A Reserved Instance is a reservation of resources and capacity within a region for either one or three years. Unlike on-demand services, the companies commit to paying for all the hours of the 1- or 3-year term at significantly lowered rates.
Types of Reserved Instance:
There is no functional difference between the types of reserve instances and the on-demand instance types; It is all about pricing.
Reserved Instances come with the same on-demand families, types of OS and sizes of instances. The only catch with RIs is, depending on the purchase plan you choose, you can only use certain instance types. Options are as follows:
Standard RIs – For steady, constant workload and maximum savings. It offers some attributes like instance size, that one can modify during the term period. However, you cannot modify the instance type and cannot exchange a Standard Reserved Instance, only modify it.
Convertible RIs – Provide less discount in comparison to standard RIs; but it offers much more flexibility and allows to change families, OS types and tenancies.
Scheduled RIs – Very similar to Standard RIs, but only applicable to instances deployed for a certain time period; recurring on a daily, weekly or monthly basis and you can also specify the start time and duration of use. You reserve the capacity beforehand, so you know that it is available when you need it. You pay for the scheduled instances, even if you don’t use them.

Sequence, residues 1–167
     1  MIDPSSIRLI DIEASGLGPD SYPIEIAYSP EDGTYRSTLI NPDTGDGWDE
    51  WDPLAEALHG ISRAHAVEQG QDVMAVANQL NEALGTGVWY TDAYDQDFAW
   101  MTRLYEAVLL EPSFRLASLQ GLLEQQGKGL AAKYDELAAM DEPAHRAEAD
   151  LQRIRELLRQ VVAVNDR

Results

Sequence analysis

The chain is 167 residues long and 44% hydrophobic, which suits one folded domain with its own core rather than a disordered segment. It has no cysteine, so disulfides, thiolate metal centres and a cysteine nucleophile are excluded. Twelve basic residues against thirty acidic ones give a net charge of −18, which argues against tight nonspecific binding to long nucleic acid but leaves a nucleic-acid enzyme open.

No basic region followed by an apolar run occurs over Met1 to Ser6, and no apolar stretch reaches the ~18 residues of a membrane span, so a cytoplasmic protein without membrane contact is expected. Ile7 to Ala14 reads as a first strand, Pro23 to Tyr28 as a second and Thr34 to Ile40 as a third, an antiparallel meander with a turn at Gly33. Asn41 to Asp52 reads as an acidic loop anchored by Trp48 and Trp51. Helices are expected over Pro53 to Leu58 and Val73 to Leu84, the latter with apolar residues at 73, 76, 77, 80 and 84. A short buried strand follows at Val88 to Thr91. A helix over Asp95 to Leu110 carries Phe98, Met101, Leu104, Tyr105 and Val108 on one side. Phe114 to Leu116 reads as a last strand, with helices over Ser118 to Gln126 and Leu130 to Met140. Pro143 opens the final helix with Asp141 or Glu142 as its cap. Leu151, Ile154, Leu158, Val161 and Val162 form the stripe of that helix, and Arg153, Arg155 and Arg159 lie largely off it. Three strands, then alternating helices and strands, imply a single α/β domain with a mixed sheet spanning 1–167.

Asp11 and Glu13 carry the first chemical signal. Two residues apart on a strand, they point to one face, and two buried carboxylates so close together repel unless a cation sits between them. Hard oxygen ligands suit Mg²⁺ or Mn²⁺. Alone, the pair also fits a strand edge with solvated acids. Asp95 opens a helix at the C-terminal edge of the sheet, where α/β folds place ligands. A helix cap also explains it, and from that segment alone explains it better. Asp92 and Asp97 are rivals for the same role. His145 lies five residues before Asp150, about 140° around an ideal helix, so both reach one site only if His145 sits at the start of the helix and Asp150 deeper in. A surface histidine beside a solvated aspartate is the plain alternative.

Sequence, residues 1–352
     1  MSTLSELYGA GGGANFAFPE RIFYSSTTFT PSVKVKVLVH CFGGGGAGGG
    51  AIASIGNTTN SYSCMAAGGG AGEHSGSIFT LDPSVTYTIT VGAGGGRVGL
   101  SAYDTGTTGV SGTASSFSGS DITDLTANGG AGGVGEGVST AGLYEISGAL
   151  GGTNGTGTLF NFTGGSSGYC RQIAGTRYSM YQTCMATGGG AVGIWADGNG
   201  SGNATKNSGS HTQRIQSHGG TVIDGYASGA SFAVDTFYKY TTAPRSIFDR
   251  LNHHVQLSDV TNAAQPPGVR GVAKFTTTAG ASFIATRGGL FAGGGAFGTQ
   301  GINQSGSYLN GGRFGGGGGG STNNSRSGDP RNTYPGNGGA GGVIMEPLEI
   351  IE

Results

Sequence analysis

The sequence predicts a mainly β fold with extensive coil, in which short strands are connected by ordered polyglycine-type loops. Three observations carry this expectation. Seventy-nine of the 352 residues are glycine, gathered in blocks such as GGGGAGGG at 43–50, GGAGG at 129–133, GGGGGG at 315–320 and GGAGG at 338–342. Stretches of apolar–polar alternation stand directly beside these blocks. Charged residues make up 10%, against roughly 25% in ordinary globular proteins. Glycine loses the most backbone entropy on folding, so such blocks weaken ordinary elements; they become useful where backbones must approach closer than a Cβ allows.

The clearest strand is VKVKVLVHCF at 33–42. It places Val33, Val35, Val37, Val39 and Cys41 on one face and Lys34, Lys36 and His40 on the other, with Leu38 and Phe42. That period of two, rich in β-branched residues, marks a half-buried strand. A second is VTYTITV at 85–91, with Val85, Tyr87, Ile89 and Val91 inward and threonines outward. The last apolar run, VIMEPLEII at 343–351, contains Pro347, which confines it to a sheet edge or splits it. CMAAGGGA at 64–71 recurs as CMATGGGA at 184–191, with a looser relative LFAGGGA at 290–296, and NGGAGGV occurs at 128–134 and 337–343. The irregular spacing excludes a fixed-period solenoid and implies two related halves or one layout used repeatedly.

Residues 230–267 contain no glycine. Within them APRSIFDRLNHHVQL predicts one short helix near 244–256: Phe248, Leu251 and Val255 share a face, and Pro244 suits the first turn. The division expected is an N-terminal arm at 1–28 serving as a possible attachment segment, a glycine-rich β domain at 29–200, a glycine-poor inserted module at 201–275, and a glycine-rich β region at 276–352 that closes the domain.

What exactly is the difference between Reserved and On-demand then?
In order to understand the difference between them, you need to know about the benefits of Reserved Instance First. Main benefits of Reserved Instances are:
Cost Savings: Reserved Instances gives you a significant discount (Up to 75%) in comparison to the pricing of the On-Demand Services.
Guaranteed Instance: You are assured that you will always have your reserved instance available in the Availability Zone in which you purchased it.
To make it clear, let’s see this with an example. First, let’s see what the guaranteed instance means by AWS and how it might be useful.